HOLLYWOOD power couple Michelle Pfeiffer and David E. Kelley found themselves defending their rock-solid marriage yesterday after a year-old - and completely erroneous - tale of marital discord made it onto TV and radio in L.A.

The media's marital massacre began when the Chicago Sun-Times ran a piece Monday by film columnist Bill Zwecker insinuating Kelley was leaving his gorgeous movie star wife for Calista Flockhart, slender star of his hit Fox sitcom "Ally McBeal."

"Here's the skinny: Kelley casting about," read the Sun-Times headline. The story was picked up by Los Angeles TV and radio host Sam Ruben.

What the Sun-Times and KTLA didn't know is that the same bogus story made the rounds last year - and nobody believed it then. (As one Hollywood insider put it, "Would you leave Michelle Pfeiffer for Calista Flockhart?")

The Sun-Times issued a retraction yesterday. But Pfeiffer and Kelley are furious.

"David is absolutely livid and Michelle is deeply hurt and angry," blasted publicist Lois Smith. "Michelle and David live in that community, their kids go to school there. Those reports were unsconscionable. Of all the marriages to try and break up!"

"And this came from someone we refer to as a legitimate journalist," Smith added.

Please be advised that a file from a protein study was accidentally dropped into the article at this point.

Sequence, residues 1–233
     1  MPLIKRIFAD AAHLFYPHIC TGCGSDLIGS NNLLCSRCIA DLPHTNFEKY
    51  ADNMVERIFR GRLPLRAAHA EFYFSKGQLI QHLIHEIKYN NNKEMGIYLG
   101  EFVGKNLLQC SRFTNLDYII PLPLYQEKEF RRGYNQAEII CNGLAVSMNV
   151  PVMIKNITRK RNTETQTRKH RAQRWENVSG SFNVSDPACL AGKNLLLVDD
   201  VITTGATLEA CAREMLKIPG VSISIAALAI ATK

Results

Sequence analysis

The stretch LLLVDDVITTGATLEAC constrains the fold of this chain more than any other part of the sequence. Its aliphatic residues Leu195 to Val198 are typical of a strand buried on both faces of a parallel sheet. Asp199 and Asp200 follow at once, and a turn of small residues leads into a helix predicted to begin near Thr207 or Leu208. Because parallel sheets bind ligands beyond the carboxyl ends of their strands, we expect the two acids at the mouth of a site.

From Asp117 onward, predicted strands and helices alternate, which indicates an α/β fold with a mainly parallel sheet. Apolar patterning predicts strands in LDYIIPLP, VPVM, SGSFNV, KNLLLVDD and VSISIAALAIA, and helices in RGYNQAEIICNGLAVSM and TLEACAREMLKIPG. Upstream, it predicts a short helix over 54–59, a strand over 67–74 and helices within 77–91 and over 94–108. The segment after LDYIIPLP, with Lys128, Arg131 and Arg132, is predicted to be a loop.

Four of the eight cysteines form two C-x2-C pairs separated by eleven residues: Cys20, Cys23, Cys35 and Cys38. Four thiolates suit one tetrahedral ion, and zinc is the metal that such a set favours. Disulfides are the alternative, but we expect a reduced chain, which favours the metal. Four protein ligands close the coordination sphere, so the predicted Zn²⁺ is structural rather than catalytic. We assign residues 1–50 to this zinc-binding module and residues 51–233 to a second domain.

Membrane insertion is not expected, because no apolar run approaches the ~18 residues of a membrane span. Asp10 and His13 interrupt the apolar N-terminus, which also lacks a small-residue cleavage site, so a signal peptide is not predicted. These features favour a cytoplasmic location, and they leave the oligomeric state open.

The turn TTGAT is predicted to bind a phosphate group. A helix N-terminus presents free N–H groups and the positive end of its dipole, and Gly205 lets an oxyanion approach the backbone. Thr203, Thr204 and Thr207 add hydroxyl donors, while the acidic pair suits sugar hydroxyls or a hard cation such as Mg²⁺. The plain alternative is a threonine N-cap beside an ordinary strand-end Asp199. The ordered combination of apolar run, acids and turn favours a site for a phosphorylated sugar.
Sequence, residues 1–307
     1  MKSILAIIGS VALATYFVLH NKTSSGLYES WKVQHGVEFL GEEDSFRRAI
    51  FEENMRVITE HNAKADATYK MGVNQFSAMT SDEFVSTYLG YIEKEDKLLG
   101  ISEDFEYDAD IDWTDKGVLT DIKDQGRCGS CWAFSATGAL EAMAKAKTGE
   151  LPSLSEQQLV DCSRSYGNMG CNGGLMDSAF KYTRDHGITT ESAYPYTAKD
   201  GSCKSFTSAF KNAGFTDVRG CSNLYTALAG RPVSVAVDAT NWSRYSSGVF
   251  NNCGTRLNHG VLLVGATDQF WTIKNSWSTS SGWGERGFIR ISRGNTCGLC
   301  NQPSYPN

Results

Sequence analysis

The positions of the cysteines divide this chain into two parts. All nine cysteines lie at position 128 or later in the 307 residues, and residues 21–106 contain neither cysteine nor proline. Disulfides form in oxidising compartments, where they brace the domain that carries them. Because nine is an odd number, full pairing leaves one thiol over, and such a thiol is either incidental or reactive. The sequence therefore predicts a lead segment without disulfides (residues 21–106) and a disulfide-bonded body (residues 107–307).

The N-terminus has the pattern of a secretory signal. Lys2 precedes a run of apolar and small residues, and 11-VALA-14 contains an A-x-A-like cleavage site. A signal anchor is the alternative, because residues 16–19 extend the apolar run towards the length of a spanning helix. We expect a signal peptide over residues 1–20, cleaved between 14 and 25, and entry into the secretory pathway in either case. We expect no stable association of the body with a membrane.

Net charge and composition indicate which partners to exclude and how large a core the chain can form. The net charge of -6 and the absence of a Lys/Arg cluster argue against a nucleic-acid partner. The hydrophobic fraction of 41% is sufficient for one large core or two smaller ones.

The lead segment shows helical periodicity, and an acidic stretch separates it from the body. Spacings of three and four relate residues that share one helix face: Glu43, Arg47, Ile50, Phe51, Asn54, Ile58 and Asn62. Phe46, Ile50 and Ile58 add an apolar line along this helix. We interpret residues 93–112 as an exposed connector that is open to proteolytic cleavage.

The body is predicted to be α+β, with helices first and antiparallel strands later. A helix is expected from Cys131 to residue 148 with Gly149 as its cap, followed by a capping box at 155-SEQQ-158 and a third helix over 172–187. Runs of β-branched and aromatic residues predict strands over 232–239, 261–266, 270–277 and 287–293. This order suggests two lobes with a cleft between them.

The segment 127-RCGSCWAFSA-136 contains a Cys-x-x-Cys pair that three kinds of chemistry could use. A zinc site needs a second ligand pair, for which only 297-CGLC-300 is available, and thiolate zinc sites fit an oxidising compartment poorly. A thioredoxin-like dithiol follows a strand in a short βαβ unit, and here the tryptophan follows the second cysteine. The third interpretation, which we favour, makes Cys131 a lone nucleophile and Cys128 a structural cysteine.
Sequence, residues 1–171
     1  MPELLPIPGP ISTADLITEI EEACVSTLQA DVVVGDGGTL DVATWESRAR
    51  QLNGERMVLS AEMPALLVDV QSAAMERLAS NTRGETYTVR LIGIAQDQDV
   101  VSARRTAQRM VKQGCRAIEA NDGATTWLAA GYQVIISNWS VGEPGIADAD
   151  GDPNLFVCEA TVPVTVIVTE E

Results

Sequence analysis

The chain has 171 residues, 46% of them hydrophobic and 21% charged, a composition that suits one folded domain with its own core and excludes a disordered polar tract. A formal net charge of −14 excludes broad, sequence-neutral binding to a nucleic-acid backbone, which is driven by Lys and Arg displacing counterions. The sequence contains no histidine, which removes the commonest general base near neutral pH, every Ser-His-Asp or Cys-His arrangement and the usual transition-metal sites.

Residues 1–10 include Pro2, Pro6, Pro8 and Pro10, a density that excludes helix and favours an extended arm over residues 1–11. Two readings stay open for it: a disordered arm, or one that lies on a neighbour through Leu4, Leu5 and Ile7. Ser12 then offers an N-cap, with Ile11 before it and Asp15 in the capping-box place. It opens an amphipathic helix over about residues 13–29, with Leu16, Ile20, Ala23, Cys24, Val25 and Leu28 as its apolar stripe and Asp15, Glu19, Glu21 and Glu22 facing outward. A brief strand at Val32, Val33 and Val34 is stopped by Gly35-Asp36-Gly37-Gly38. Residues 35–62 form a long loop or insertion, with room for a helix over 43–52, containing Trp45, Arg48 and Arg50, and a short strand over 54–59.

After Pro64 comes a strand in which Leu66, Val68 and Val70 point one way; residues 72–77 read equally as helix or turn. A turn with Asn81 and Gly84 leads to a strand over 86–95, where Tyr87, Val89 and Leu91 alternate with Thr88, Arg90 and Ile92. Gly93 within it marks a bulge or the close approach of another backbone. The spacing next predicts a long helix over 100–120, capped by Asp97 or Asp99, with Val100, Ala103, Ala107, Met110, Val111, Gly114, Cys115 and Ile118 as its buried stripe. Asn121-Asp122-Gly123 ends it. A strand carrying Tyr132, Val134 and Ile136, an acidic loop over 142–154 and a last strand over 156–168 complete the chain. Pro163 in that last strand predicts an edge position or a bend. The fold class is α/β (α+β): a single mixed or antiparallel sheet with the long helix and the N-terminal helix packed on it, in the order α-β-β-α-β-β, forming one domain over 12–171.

It just goes to show that gossip is a dangerous business that shouldn't be left to amateurs. The other day, self-appointed media watchdog Steve Brill and his troops enlisted the aid of notorious paparazzi-hater George Clooney to try and pull a fast one on gossip columnists around the country.

With Clooney's blessing, Brill's Content sent a fictitious "scoop" on "ER" letterhead (which Clooney provided) to 30 columnists. The unsigned note said Clooney was about to star in a movie about a president wrongly accused in a sex scandal, with the twist that the First Son - played by Britain's Prince Harry - gets trampled by paparazzi.

Clooney's flack, Lisa Reeder was not in on the hoax.

In yesterday's online edition, Content admitted that columnists aren't all that gullible. Only three journalists called Reeder, and nobody, she told the magazine, took the letter seriously.

PAGE SIX, which called, scored points for revealing the hoax last Saturday.

"The New York Post had the savvy to smell a rat," admitted Content on its website, giving a nod to our headline, "Not even Clooney's this far gone."